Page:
Matthew states that people came from several other regions to see Jesus, implying that the Syrians/Synorians had spread his fame even further. Specifically, Matthew lists Decapolis, Jerusalem, Judea, and Peraea (identified as beyond the Jordan River). Decapolis isn't a single location but ten, it literally means the ten towns, and refers to Greek settlements in Palestine, while Galilee (where Jesus is), Judea, and Peraea, constitute the remainder of the traditional Jewish region, and Syria constitutes the remainder of the lands that traditionally were seen as having once been under David and Solomon's control. Thus, people from the entire Holy Land are described by Matthew as amassing to experience Jesus. However, it is important to point out that the capitals of the previous Kingdom of Israel and Kingdom of Judah were seen as quasi-independent, thus the mention of Jerusalem, the prior capital of Judah/Judea, in its own right, but this leaves Samaria, the prior capital of Israel, without mention. This is generally seen by scholars as part of a continued slur against the Samaritans that Matthew perpetuates throughout, since they were a group that held themselves to be the original form of Judaism, but the Jews viewed them as heretics.

Teachings

Bloch-SermonOnTheMount

Christians believe that Jesus is the mediator of the New Covenant.[Hebrews 8:6] Depicted is his famous Sermon on the Mount in which he commented on the Law. Some scholars[4] consider this to be an antitype of the proclamation of the Ten Commandments or Mosaic Covenant by Moses from the Biblical Mount Sinai.

As well as more general sermons, such as the Sermons on the Mount and on the Plain, which touch briefly on several different topics, the Biblical narrative portrays Jesus as also having concentrated on particular themes and topics. The biblical narrative of the Synoptic Gospels mentions and details several instances in which these subjects are more specifically discussed; the Gospel of John appears less interested in the teachings, concentrating instead more on Jesus' life and attributing various miracles to him.

General ethics

When asked what is the greatest commandment, Jesus is portrayed by the Gospels of Mark[12:28–34] and of Matthew[22:34-40] as stating that the first two commandments, and the greatest, are

  1. One should love Yahweh with one's entire heart, soul, mind, and strength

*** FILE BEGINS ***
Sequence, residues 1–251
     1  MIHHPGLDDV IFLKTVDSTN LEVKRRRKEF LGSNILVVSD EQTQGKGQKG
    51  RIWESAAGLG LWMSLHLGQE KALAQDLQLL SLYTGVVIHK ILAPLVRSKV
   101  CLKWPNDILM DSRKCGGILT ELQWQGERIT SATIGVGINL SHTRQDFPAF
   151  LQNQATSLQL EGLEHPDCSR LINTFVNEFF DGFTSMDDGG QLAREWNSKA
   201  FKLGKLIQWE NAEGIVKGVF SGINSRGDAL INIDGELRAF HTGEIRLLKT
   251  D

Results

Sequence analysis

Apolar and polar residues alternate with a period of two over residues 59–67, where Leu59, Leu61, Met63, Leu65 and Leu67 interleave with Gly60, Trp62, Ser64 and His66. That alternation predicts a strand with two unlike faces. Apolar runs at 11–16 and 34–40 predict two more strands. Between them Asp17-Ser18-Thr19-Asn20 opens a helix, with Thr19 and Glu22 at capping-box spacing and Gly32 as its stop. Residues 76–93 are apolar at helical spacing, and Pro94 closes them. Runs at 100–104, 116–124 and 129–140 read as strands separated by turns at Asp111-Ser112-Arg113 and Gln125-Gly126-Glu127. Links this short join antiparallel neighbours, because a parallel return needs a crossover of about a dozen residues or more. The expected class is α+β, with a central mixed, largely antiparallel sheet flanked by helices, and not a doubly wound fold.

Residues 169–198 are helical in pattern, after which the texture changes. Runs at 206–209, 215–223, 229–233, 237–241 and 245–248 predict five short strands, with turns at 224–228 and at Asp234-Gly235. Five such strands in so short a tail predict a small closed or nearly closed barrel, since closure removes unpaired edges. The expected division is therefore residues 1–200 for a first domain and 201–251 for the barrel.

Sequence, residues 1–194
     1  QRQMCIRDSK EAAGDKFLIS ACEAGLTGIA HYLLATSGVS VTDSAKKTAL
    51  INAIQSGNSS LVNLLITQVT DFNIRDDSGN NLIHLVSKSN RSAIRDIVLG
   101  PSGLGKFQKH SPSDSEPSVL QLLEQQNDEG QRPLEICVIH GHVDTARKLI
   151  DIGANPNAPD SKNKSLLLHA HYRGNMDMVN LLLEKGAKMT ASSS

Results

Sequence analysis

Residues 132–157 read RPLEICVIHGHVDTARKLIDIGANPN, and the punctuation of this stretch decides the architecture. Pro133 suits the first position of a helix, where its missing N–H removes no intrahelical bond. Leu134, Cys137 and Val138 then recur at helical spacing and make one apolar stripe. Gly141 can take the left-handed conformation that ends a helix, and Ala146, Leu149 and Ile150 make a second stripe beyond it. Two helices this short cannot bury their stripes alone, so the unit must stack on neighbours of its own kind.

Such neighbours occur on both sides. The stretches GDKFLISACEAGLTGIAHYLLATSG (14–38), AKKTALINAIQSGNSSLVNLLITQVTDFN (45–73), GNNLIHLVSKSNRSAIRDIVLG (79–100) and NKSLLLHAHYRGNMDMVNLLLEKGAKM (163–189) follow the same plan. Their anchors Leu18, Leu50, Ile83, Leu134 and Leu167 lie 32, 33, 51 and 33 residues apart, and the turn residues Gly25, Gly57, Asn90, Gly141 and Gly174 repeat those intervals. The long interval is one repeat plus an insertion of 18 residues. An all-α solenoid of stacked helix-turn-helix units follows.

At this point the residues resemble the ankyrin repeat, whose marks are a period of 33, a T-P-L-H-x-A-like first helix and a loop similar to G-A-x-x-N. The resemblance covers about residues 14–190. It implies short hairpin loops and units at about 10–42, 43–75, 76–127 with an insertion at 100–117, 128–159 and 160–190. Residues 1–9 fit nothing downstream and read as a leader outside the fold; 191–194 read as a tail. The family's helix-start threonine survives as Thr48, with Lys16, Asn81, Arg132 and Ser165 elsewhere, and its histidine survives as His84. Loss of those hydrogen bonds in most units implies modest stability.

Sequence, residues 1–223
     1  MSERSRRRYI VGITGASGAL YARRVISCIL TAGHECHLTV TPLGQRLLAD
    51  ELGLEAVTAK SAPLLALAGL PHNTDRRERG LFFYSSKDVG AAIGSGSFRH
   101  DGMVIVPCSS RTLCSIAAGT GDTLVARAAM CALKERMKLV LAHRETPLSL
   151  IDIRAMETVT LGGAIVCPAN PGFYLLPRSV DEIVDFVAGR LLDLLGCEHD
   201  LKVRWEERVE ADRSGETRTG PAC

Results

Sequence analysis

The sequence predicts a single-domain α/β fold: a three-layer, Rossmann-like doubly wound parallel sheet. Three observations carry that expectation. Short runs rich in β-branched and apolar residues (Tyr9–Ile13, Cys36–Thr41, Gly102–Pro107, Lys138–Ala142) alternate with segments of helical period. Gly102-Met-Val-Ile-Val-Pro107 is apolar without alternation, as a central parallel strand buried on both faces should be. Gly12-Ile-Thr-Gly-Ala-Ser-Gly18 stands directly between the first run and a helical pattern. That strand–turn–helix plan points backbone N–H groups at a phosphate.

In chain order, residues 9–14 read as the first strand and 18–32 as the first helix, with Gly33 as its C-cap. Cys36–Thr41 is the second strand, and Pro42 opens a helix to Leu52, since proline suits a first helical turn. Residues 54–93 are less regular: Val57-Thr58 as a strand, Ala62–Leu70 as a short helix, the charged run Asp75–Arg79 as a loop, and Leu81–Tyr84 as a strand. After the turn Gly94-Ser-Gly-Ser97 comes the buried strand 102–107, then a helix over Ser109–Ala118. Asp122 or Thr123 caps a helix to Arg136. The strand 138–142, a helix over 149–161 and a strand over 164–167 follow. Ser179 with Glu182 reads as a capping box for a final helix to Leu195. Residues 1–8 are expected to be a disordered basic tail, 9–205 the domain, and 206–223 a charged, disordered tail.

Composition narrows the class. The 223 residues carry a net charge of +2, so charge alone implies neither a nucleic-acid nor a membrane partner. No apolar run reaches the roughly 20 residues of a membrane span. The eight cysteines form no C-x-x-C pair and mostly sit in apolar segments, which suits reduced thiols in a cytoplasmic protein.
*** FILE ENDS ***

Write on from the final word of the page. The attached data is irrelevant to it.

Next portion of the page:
2. One should love one's neighbour as one would love oneself

Though it isn't clear what commandment refers to, the latter part of the first of these two is a quotation from the Ritual Decalogue in Deuteronomy. The second, however, does not appear as one of either set of Ten Commandments, instead appearing in the Holiness Code,[Lev. 19:18] and therefore it is likely that commandment is a reference to the 613 mitzvot of Jewish law. The first part of the first commandment given by Jesus is from the Shema, the most important prayer in Judaism, suggesting to several scholars that when the earliest of the Synoptic Gospels was written the Christian groups still retained Jewish prayer formats.[5] [6] The second commandment, the Great Commandment, essentially a formulation of the Golden Rule, is also present in the Pauline Epistles,[7] where it is portrayed as the summary of Jewish law (i.e., as the most important command, not the second most important), and textual critics argue that this is likely where Mark ultimately derived the passage from.[8]

The Gospel of Mark, but not that of Matthew, states that the man who posed the question responds that these commands are wise teachings, and so Jesus replies that the man is "not far from the kingdom of God". While being not far from God can be seen in the sense of close to knowledge of God, and this is the usual interpretation, more literal minded Christians have argued that far here refers to a spatial distance from God, i.e., that Jesus is categorically stating that he is God (Kilgallen 237).

The Gospel of John also has one commandment, often called The New Commandment: "A new commandment I give unto you, that you love one another."[John 13:31-35]

Establishmentarianism

In both Mark 12:13-17 and the gnostic Gospel of Thomas,[9] when presented with a coin and questioned about taxation, Jesus is stated to have said that one should give to Caesar what is Caesar's and to God what is God's. This passage has often been used in arguments on the nature of the relationship between church and state in North America and in questions of disestablishmentarianism and antidisestablishmentarianism in the UK, and similar questions in other western countries.